Tuesday, August 2, 2011

Second Juz

As salaam alaikum,

Once again, just the translation (Asad) of a few ayat that gave me pause and resonated with me now, in this time of my life.

"True piety does not consist in turning your face towards the east or the west--but truly pious is he who believes in God, and the Last Day, and the angels, and revelation, and the prophets; and spends his substance--however much he himself may cherish it--upon his near of kin, and the orphans, and the needy, and the wayfarer, and the beggars, and for the freeing of human beings from bondage; and is constant in prayer, and renders the purifying dues; and [truly pious are] they who keep their promises whenever they promise, and are patient in misfortune and hardship and in time of peril: it is they that have proved themselves true, and it is they, they who are conscious of God." (2:177)

On the freeing human beings from bondage tip...let us not scoff at that! Just because on of the more horrible slavery periods of our recorded history as perpetuated from the trans-Atlantic African slave trade has been over for not yet 150 years (that's not a long time), you'd best believe that there are slaves everywhere still. The most flagrant case I know of in the western hemisphere is the enslavement of Haitians in the Dominican Republic sugar plantations. There are probably isolated pockets of slaves in the US, too, under the radar. Then there are plenty of cases of virtual slavery with those who are paid ridiculous wages, and other types of slavery. There are those in bondage today that can be freed!

So let's leave the minutiae of Islam alone for a second, because true piety is something that few Muslims I know have attained! And I count myself in the number, of course, lest I complain too much!

This is the hardest thing for me, I think: remaining patient in times of adversity. Adversity for me, I think, is not being able to get married, and I haven't been that good about being patient.

Piety is an awesome thing...there are so many more things we can do as Muslims to attain it, and I feel like we so seldom focus on these things...

Another thing I liked...God reminding us:

"And if My servants ask thee about Me--behold, I am near; I respond to the call of him who calls, whenever he calls unto Me: let them, then, respond unto Me, and believe in Me, so that they might follow the right way." (2:186)

God is with us, hears us and responds to us whenever we call...so let us do our part and respond to Him and believe Him, actually, which is the least we can do in gratitude! As the Qur'an says multiple times, most of us are ungrateful.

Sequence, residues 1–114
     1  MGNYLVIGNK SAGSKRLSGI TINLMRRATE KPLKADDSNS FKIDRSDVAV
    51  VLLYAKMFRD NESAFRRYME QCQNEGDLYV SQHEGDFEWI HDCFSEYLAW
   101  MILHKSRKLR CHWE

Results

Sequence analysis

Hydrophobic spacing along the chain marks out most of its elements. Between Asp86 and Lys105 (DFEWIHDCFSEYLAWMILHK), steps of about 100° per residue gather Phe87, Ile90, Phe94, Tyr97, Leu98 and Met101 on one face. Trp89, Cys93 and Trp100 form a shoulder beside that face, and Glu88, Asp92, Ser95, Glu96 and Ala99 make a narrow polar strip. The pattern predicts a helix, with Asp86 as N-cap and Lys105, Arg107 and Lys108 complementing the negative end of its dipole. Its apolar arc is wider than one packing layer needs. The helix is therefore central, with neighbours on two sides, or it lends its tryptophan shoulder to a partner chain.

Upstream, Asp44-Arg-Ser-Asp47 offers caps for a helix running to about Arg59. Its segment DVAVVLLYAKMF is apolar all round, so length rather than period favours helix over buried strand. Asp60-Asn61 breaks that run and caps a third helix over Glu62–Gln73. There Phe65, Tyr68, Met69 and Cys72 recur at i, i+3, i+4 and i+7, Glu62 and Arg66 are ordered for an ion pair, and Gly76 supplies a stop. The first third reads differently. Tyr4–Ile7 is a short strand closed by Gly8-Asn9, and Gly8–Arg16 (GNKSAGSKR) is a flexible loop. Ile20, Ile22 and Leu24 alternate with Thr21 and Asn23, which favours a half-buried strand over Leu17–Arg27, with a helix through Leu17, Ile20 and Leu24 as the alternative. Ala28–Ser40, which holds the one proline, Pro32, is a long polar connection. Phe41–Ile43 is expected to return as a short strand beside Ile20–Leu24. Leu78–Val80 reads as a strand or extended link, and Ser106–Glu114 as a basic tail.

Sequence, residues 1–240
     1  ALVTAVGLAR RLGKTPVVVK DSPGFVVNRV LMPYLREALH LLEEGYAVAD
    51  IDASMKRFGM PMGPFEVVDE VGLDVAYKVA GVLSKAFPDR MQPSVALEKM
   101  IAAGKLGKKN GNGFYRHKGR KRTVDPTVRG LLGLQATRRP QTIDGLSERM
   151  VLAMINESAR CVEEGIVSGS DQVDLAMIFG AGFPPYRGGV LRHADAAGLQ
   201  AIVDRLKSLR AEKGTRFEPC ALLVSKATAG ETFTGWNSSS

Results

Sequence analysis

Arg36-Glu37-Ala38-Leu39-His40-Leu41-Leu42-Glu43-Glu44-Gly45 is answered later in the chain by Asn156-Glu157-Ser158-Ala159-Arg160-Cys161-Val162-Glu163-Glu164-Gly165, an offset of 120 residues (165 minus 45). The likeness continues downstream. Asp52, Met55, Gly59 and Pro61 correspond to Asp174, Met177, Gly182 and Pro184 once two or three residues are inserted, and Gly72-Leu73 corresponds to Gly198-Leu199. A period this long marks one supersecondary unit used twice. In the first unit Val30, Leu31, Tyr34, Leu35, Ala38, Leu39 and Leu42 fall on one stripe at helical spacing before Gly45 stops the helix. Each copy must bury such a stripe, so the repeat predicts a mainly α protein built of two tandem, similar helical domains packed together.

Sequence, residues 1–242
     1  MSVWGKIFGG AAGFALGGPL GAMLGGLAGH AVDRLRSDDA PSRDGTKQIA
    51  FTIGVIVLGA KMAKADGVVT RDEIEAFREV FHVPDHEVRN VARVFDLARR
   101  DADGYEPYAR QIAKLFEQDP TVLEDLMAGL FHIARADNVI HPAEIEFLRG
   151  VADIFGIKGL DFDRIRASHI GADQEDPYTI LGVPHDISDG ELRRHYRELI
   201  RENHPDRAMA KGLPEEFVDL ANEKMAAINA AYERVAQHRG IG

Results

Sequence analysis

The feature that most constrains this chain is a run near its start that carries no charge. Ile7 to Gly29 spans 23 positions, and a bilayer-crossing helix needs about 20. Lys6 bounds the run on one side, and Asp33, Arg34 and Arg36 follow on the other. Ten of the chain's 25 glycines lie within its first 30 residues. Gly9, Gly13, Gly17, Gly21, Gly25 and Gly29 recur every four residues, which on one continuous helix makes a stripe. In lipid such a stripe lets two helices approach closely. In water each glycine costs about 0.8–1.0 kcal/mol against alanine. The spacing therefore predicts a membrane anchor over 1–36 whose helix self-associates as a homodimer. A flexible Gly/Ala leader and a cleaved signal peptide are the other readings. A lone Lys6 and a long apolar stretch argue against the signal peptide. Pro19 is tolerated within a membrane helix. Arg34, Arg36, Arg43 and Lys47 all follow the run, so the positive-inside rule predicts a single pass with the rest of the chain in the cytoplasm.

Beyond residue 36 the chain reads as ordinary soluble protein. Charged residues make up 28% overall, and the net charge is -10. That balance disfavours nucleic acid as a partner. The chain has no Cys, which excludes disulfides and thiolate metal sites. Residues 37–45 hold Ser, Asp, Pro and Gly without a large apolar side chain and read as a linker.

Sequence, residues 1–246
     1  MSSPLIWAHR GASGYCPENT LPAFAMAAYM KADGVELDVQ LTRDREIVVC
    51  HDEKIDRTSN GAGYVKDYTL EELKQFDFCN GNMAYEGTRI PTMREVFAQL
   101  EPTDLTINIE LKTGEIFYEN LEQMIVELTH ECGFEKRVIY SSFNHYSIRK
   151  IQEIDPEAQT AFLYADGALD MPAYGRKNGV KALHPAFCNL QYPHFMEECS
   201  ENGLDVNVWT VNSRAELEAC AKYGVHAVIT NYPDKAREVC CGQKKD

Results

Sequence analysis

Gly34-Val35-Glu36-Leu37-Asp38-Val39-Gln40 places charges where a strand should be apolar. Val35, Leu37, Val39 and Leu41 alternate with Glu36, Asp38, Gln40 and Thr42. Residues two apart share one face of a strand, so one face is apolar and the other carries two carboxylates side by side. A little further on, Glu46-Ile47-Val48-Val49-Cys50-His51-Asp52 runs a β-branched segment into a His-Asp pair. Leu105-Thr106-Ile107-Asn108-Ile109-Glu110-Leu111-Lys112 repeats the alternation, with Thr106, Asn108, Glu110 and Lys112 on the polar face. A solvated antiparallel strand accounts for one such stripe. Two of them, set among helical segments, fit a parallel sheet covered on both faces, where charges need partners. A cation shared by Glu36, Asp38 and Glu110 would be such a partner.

It's hard for us who feel so far from God sometimes to be truly grateful, but He lines up a way to think about it that I like:

"And when you have performed your acts of worship, [continue to] bear God in mind as you would ear your own fathers in mind---nay, with a keener remembrance! For there are people who [merely] pray, "O our Sustainer! Give us in this world"--and such shall not partake in the blessings of the life to come. But there are among them such as pray "O our Sustainer! Grant us good in this world and good in the life to come, and keep us safe from the suffering through the fire": it is these that shall have their portion [of happiness] in return for what they have earned. And God is swift in reckoning." (2:200-202)

This is a gauge I often use for myself throughout the day or in the course of life...and I strive to be conscious of God more than I am conscious of my parents. Just as I want to follow the way that my parents set out for me, I more want to follow the way that God has set out for me. And though I do wish to be guided the straight way, I feel like I downplay the next life in my prayers. You would think this wouldn't slip my mind...

But sometimes I'm overwhelmed my my own day's trifling burdens that I forget to pray about the life to come, though I tussle with this one. Even though the rough times, which are relatively rough to me and relatively easy in the face of what is suffered by the rest of humankind, I find an unexpected comfort in this:

"[But] do you think that you could enter paradise without having suffered like those [believers] who passed away before you? Misfortune and hardship befell them, and so shaken were they that the apostle, and the believers with him, would exclaim, "When will God's succor come?" Oh, verily, God's succor is [always] near!" (2:214)

I will take any of what I call my hardships every day, then, since this seems to be the natural course of things. May it fortify me and prepare me for the rest of this life and the next.

May our collective hardships fortify us and prepare us for the rest of this life and the next!

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